Fair Vote Canada Launches the Make Every Vote Count Campaign

Make Every Vote Count Press Conference

Fair Vote Canada Launches the Make Every Vote Count Campaign

Fair Vote Canada officially launched the Make Every Vote Count campaign September 19 on Parliament Hill, during Democracy Week in Canada. The goal of the campaign is to make a commitment to a more proportional voting system a key issue in the next federal election.

Official Opposition Leader Thomas Mulcair, Liberal Critic for Intergovernmental Affairs Stephane Dion, Deputy Green Party Leader Georges Laraque, and Leadnow.ca Campaigns Director Matthew Carroll joined Fair Vote Canada’s Interim Executive Director Anita Nickerson and National Capital Region chapter President Julien Lamarche for a press conference in the Charles Lynch Press Gallery.

Mulcair spoke of the NDP’s longstanding support of proportional representation. “Canadians deserve to know that their vote counts, that every vote counts. We’ve never needed that reform, that renewal of our democratic institutions, more than we do today.” He emphasized that the NDP is seeking a mandate on this issue in 2015, and would work very hard to ensure the strong support of Canadians to move forward. The NDP’s official policy is Mixed Member Proportional representation for Canada, a model recommended by the majority of commissions and assemblies to date. “We are determined to see this through”, said Mulcair.

Stephane Dion spoke in favour of moderate proportional representation for Canada, such as his own model: Proportional-Preferential-Personalized (“P3”). “Our current voting system weakens Canada’s cohesion”, Dion stated. “It artificially amplifies regional support for parties, and makes the country look more antagonistic than it is. When you watch the election results on TV, you ask yourself, ‘Which part of my country will be out of the executive branch? Will it be the prairies? Quebec?’” Dion noted that the Liberal Party’s current policy, preferential ballot, “does not address the main problem I identified.” “I personally think the solution is moderate proportional representation, in addition to a preferential ballot.” Although expressing his own opinion, Dion stated, “We are numerous in the Liberal Party who think we need some proportional representation.” Liberals in favour of a more proportional system hope to shift the party policy at its’ 2014 policy convention. An April 2013 poll showed that 77% of Liberal voters support moving to a more proportional system.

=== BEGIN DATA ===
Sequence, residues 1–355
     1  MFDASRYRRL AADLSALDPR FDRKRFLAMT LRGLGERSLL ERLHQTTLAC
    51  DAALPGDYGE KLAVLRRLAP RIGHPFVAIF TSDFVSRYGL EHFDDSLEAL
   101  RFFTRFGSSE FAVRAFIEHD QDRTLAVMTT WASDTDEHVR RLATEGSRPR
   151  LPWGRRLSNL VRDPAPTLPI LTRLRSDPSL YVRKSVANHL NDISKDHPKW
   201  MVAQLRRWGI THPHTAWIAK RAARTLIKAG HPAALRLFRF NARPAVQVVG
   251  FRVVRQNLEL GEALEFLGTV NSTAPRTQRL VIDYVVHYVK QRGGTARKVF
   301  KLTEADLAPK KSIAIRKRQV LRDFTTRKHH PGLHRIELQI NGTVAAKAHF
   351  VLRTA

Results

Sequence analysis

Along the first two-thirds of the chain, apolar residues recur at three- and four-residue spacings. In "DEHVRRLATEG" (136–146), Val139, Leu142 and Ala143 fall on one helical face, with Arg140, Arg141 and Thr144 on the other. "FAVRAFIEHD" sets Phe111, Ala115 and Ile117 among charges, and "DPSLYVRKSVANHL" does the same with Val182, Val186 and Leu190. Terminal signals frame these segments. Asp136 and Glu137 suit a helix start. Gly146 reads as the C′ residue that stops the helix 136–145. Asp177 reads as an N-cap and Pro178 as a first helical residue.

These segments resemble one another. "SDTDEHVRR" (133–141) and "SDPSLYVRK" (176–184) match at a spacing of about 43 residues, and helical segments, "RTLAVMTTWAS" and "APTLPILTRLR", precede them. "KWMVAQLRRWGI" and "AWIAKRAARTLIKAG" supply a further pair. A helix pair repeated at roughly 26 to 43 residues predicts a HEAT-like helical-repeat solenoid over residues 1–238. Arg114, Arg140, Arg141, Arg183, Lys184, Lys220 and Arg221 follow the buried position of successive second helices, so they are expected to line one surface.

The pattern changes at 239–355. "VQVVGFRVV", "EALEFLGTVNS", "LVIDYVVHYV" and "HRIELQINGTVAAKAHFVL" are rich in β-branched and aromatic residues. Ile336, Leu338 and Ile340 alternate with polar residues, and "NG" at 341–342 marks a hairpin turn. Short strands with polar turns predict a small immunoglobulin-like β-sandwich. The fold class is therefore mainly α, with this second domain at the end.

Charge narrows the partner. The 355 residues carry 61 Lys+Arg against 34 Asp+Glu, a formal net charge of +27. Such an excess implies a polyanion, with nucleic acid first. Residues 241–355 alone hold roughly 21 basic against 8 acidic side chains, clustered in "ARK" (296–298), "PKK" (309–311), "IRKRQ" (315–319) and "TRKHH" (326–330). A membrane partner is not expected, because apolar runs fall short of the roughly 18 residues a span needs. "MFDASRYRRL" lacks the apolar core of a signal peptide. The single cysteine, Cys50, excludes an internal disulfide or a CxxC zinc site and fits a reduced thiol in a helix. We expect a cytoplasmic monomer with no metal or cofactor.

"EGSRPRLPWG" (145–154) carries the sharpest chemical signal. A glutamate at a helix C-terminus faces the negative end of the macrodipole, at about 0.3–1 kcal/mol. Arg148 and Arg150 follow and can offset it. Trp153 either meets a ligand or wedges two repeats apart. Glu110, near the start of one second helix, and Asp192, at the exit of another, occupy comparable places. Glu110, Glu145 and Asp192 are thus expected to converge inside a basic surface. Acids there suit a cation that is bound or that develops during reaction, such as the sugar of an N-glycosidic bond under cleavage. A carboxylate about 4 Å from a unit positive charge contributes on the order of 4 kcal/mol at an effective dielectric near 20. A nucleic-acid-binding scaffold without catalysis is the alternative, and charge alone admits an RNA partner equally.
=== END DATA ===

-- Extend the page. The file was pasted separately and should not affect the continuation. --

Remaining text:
Deputy Green Party Leader Georges Laraque spoke in favour of a more proportional system for all voters, pointing to the one million Canadians who voted Green in 2008 and received no representation at all. Laraque challenged the parties: “If you guys win, will you still change the system?” If not, “we are just going around in circles.”

Matthew Carroll, representing Leadnow.ca, a rapidly growing online community of over 300,000 , reinforced that achieving a more proportional voting system is one of three major issues Leadnow will be focusing in the lead up to the next federal election. Carroll described achieving a more proportional system as a fundamental prequisite to tackling the major challenges facing Canadians. “It’s going to be almost impossible to make progress on changes Canadians want to see while we have our broken electoral system, winner-take-all voting, and the divisions it encourages.” As Leadnow supporters organize on the ground in key ridings in 2015, they will focus on “getting out the vote for candidates who have the strongest position on the issues, and can win.” The overall goal of the campaign is to elect “a government with an unshakeable commitment to a fair voting system.”

Following the press conference, supporters gathered on the steps of Parliament Hill, where MP Paul Dewar, Georges Laraque, MP Raymond Côté, MP Hélène Laverdière, former Liberal Party President Sheila Gervais, Unitarians for Social Justice leader Frances Deverell, and Leadnow’s Matthew Carroll all spoke in favour of proportional representation and participated in a theatre activity with Fair Vote Canada volunteers.

Paul Dewar spoke of traveling to developing democracies, whose leaders are shocked that Canada uses a First Past the Post voting system, and ask him why. “Canadians need to push politicians on this”, said Dewar.

The three MPs and Georges Laraque all signed the Fair Vote Canada’s Politicians’ Pledge. Liberal MP Joyce Murray, who spoke at Fair Vote Canada’s National Capital Region AGM, has also signed the pledge.

Already the Make Every Vote Count campaign has generated thousands of new signatures on Fair Vote Canada’s Declaration of Voters’ Rights – over 25,000 signers to date, with a goal of reaching 100,000 by 2015. Recent polls show that 76% of Canadians favour adopting a proportional voting system.

Active endorsers of the Make Every Vote Count campaign include non-partisan experts such as the University of Ottawa’s Common Law Dean Nathalie Des Rosiers, and prominent Canadians from across the political spectrum such as David Suzuki, Maude Barlow and former progressive conservative MP Patrick Boyer.

“With First Past the Post, every federal election 7 million voters cast wasted votes which elect no representation”, says Fair Vote Canada ED Anita Nickerson. “Voting in a representative democracy should not be about making winners and losers out of voters – it should be about having our voices represented, more cooperative politics, and fair results in Parliament.”

For more information visit campaign2015.fairvote.ca

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